The Old Hundred offers gold panning for all ages. Free with the purchase of a tour.
The miner's sluicebox is "salted" with the real thing, so everybody is sure to find some "colors".
Though the name of the mine is "Old Hundred Gold Mine", we only found silver... strange! :-) ...but fun!
Silverton is the end station of the Narrow Gauche Railroad.
The full- service season runs from May until October.
It's incredible. The end-station is just in the center of the town. The tracks end at the crossing of Blair Street and 12th Street.
The sound and the smell of this big black steaming colossus is a breathtaking scene!
The guided tour takes you in a little rail car, 1/3 mile into the Mountain, to learn how mining was done.
The old mining equipment is still in place.
Our guide once was an engineer in this mine and his lessons were spiced with authentic personal anecdotes. Wow!
No reservations needed.
Tours depart every hour on the hour, from mid May through the 1st week of October.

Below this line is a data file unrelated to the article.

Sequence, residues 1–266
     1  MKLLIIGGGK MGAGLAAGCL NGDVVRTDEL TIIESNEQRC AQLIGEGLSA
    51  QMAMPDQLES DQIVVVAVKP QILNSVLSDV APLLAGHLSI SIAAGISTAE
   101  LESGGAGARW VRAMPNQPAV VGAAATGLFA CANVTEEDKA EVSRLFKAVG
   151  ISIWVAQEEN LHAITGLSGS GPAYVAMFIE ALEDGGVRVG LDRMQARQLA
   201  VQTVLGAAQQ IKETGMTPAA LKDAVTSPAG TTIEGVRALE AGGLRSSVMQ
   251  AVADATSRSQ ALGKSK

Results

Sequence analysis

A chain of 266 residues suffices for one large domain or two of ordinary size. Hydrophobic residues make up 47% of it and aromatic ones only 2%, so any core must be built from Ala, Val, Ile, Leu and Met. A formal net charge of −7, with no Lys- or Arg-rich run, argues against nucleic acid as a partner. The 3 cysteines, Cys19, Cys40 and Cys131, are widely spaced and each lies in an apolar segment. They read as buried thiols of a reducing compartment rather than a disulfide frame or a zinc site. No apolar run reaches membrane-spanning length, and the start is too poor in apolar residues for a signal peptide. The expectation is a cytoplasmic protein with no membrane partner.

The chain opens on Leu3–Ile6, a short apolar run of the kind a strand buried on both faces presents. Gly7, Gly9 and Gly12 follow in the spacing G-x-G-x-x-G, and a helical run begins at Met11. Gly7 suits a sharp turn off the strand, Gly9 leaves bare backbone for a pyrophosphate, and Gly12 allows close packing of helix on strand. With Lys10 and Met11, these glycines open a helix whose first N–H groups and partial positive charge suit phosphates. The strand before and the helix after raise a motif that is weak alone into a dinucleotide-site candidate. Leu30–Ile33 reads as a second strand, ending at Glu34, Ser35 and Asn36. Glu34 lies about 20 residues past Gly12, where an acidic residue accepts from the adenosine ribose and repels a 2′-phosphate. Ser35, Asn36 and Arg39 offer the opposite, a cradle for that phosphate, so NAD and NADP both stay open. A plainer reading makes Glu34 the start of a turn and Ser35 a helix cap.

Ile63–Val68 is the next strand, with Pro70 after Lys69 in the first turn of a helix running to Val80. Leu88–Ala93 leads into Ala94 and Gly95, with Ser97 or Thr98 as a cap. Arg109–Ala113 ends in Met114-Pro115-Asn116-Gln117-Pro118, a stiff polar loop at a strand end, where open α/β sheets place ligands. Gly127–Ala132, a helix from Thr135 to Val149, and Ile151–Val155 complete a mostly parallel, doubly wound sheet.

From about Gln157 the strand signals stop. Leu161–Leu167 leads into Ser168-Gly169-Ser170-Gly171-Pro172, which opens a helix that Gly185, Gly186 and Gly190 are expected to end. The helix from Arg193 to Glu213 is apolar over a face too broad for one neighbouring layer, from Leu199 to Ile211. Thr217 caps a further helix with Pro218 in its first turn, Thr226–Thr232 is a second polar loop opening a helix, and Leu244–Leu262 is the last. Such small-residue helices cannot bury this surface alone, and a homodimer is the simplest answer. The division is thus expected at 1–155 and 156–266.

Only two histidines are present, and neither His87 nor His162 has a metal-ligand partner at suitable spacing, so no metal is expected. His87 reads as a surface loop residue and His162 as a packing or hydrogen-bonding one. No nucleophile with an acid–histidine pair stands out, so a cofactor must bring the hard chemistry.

The famous Silverton gunfight is a great family entertainment and fun for all ages.
Very amateurishly, but very funny.
As Europeans, we especially liked the typical broad "Far West" accent of the performers. Great!
There is a street performance every day at 5.30 pm
Silverton is the northern terminus for the Durango and Silverton Railroad. The Durango and Silverton Railroad is one of the most scenic train trips in America, in my opinion. The round trip, which I highly recommend, takes about 9 hours. Through this train trip, you will see some of the best scenery in Colorado.
The main road through this region of Colorado is the Million Dollar Highway. There are some breathtaking views from this road. I was on this road in 1981, but not this time around. But I remember it was quite scenic.
Main Street in Silverton is like taking a trip back in time to the late 19th Century. There were many old style saloons and a couple of hotels here. It just had that old west feel to it. Main Street also had many shops with nice souvenirs.
A roaring camp turned into a full blown and brazen mining town of renown for 11 years. Silverton retains much of its original brick Victorian architecture, furnishings, fixtures and stamped tin ceilings.
The old bars and restaurants are still open. Old bordellos are spiffed up and made into comfortable hotels without the ladies of the night. A Pioneer spirit prevails as descendants’ still welcome visitors. There are many great places to eat like the Handlebar whose brick interior is decorated with just about every stuffed animal head and bird around. Good food and friendly service. Artisans of wood, weaving, jewelry and paintings along with typical souvenirs, tee shirts and Native American items are sold on Main Street.